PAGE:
New Year is a time for making resolutions, wishing and hoping that the coming year is going to be more prosperous for us than the one before.
You wouldn’t go as far as making a pact with the Devil to ensure that it was... but that was exactly what a gentleman by the name of Jan Reynolds did to amass a fortune as a gambler!
The tale of Jan Reynolds and the Devil is one of my favourite Dartmoor stories, so much so that I’ve made it the basis for one of my Moors Tours, as it nicely takes in The Tavistock Inn at Poundsgate, Widecombe in the Moor and the landscape outside the Warren House Inn, the second highest pub in England.
I almost called it The Devil’s Pub-crawl, fearing it might attract the wrong type of customer, it’s now known as The Devil’s Quest!
If you wish to see the sites where the story unfolds, you can hire my services but I’m happy to share some of the details of the story with you here.
Is it a story though, or is it based in fact?
I will also share with you some of the evidence I’ve uncovered during my many years of Dartmoor research.
Jan Reynolds was a tin miner who lived in Widecombe in the Moor.
When not working, he was to be found in the local hostelries, playing cards with his mates and fleecing them for every penny they had!
One night, he was at The Newhouse Inn, which is just outside Widecombe, up the lane from Hemsworthy Gate, behind which lies a tract of land known as Foales Arrishes.
This was a piece of uncultivated scrubland, belonging to the pub landlord, a certain Mr Foales.
As was their wont, the two men became embroiled in a serious game of cards.
Drink was flowing, and, rather unwisely, Mr Foales put up his Arrishes as part of his wager, which Jan went on to win from him.
Emboldened by this stroke of luck, and finding himself an instant landowner, Reynolds wanted to guarantee his winning streak by going to the one entity that could make his wish come true -the Devil himself.
Now a pact with the Devil came with strings attached.
In return for seven years of good luck, the price was to hand over one’s soul, at the end of that time period, and spend eternity in Hell.
Most normal people would feel that was too high a price to pay, but not Jan!
Wanting to seal the deal, he went to a kistvaen, an ancient burial site, amongst an outcrop of rocks on the slopes above Widecombe, known as Tunhill Rocks, and, armed with a summoning spell that he had purchased from a local practitioner of the black arts, he had his face to face with the Devil himself!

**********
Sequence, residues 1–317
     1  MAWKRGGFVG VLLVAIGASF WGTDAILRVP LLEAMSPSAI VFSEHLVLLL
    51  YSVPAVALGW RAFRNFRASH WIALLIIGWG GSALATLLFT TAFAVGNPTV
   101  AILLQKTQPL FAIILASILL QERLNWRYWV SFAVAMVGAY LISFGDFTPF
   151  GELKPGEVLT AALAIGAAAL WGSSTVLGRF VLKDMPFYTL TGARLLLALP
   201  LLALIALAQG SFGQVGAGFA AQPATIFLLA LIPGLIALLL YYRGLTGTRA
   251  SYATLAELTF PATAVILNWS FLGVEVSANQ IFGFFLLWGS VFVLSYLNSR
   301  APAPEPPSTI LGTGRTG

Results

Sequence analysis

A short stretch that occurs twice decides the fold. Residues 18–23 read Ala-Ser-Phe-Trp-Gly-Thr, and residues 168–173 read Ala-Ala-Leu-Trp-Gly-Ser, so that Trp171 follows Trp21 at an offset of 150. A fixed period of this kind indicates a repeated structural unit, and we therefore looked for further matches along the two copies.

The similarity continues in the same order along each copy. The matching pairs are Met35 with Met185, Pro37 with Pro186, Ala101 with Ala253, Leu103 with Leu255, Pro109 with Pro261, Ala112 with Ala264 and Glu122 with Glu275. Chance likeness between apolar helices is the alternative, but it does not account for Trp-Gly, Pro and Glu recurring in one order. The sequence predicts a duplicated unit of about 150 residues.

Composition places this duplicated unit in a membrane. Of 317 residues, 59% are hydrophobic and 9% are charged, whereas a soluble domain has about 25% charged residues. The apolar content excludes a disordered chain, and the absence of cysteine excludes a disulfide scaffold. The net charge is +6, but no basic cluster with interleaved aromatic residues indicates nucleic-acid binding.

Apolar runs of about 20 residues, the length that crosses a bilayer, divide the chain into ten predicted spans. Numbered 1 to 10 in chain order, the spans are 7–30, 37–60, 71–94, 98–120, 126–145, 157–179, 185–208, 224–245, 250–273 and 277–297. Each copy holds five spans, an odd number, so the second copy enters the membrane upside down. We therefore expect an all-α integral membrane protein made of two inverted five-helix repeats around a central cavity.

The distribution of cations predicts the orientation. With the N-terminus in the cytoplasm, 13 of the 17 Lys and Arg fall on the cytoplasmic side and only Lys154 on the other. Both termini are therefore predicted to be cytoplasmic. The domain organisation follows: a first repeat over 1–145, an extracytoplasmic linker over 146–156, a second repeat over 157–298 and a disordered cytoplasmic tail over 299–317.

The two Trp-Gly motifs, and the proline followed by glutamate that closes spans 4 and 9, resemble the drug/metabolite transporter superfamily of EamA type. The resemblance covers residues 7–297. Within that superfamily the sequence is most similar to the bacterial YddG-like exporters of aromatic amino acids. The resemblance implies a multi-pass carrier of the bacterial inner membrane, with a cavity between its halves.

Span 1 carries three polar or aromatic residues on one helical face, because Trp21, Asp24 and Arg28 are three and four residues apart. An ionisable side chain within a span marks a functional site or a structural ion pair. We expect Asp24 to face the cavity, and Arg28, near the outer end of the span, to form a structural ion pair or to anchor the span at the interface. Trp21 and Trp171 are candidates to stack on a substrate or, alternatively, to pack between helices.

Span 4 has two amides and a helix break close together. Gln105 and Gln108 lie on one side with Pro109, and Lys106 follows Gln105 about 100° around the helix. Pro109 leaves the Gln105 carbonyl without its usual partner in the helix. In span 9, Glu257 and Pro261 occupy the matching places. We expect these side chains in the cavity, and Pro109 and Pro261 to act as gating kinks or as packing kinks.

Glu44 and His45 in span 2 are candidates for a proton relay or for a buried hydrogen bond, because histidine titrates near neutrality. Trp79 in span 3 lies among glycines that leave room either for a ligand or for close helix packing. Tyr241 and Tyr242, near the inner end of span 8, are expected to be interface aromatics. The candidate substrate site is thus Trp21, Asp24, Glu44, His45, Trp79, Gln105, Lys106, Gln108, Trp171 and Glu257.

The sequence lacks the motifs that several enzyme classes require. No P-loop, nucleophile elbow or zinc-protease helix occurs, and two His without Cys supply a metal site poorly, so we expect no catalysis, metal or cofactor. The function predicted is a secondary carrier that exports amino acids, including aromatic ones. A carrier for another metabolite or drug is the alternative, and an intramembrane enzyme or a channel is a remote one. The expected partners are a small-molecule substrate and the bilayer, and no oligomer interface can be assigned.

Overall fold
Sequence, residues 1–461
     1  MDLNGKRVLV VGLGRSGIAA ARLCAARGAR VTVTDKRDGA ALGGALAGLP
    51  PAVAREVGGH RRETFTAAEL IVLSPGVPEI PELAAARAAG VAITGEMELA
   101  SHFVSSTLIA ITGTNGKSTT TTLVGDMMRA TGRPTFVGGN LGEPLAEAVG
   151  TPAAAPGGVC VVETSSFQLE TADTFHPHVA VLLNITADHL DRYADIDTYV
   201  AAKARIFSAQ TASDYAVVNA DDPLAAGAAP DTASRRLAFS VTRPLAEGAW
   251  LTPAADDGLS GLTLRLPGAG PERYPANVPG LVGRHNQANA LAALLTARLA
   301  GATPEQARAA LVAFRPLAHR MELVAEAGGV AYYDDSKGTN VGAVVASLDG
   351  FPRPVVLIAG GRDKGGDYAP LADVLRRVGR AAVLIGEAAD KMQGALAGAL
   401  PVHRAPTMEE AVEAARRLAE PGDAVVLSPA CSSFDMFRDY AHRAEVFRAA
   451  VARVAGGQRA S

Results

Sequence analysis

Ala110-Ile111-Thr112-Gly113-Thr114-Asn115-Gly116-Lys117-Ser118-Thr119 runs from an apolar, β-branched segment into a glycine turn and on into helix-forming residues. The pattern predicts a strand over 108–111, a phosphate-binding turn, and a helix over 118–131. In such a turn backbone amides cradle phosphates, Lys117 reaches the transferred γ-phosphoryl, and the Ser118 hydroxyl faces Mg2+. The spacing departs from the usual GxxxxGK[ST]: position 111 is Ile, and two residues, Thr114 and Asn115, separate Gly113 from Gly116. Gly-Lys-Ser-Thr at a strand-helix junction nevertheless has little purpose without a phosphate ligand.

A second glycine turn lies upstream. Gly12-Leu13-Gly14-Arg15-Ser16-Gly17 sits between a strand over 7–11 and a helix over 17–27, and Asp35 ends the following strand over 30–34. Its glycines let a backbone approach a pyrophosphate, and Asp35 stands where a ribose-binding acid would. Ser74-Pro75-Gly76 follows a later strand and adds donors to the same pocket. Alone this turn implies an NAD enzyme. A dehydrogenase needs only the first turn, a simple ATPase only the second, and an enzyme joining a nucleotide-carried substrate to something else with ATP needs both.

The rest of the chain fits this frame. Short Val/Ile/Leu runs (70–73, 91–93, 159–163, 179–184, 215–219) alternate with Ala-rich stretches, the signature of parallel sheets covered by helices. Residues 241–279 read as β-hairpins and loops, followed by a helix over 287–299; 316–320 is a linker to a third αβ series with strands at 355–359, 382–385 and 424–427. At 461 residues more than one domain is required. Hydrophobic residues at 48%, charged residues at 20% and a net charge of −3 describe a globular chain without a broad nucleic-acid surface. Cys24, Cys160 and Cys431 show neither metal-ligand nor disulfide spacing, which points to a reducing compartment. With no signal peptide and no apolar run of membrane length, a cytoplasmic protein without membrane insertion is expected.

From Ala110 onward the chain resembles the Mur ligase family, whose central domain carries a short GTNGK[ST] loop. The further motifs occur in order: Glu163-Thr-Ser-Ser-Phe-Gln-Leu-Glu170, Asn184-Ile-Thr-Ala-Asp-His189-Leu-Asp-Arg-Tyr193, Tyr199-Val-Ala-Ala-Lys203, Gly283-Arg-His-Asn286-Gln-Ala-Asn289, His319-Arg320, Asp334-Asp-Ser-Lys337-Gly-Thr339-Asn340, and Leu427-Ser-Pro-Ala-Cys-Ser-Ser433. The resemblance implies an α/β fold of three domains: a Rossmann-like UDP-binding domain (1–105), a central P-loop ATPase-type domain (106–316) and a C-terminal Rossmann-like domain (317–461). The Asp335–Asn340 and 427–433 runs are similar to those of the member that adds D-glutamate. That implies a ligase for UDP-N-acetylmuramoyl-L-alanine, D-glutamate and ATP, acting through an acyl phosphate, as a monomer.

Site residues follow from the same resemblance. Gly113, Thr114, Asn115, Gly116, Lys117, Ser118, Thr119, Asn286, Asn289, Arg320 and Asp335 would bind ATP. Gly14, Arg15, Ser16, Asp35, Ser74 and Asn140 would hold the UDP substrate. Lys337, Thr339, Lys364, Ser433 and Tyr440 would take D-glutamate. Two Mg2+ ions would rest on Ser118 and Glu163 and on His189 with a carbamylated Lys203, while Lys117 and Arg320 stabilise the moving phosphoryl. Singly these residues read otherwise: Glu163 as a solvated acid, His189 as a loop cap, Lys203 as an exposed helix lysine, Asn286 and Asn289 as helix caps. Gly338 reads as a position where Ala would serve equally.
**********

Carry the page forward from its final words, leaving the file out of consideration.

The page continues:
Pact drawn up, Jan Reynolds went off to enjoy seven years good luck as a gambler with his trusty pack of cards, while the Devil waited patiently.
I did promise you evidence that this story might have a grain of truth in it, well for starters all the places mentioned do exist, and can still be found on the moor.
Even an abandoned cross, carved by a local stonemason to ward off the presence of the Devil, when he learnt he had been among them, can still be seen lying in the grass on the slopes of Rippon Tor, opposite the spot where they met.
However, the best clues come from the time when the seven years were up and the Devil went in search of his prize.
Hearing that Jan was to be found playing cards with his mates at the back of the church in Widecombe, during a Sunday service, he decided this would be an apt spot to seize his victim.
Not being au fait with the religious establishments on the moors, he stopped to ask for directions at The Tavistock Inn in Poundsgate, having a cheeky pint whilst he was there... the scorch mark he made on the bar top when he placed down his tankard can still be seen to this day.
Armed with directions, he flew his horse through the sky and harnessed it to one of the steeples on the church tower, while he swooped down to snatch Jan from the back pews.
Hoisting him up on to his horse behind him, in haste, he failed to untie his steed fully, and pulled the steeple loose, causing it to crash through the roof, killing and maiming members of the congregation inside... if you visit the church today, you will find some wooden plaques on the wall of the bell tower, that tell the story of how the church was once struck by a thunderbolt, killing and maiming members of the congregation.
The Devil or a thunderbolt? I know where my money lies...
The last that was ever seen of Jan, as he clung on for dear life, was as they flew over the moor by the Warren House Inn, and it was here that he finally lost hold of his precious cards.
As they fell to the ground, up sprouted four stone-walled enclosures, each in the shape of the ace of one of the suits of cards, a club, a spade, a heart and a diamond.
They became known as The Ace Fields, and can still be seen to this day, on the slopes below Birch Tor, a fitting memorial to the memory of the poor, misguided Jan Reynolds.
I’ve saved my best piece of evidence until last.
While researching Dartmoor tales, I was reading William Crossing’s guide to all the routes you can possibly take over the moor, when I came across a reference to Foales Arrishes.
It mentions a time when the tenants of that particular plot of land were forced to report their landlord missing to the authorities.
Now Crossing doesn’t name the landlord, but I’d like to think it was Jan Reynolds.
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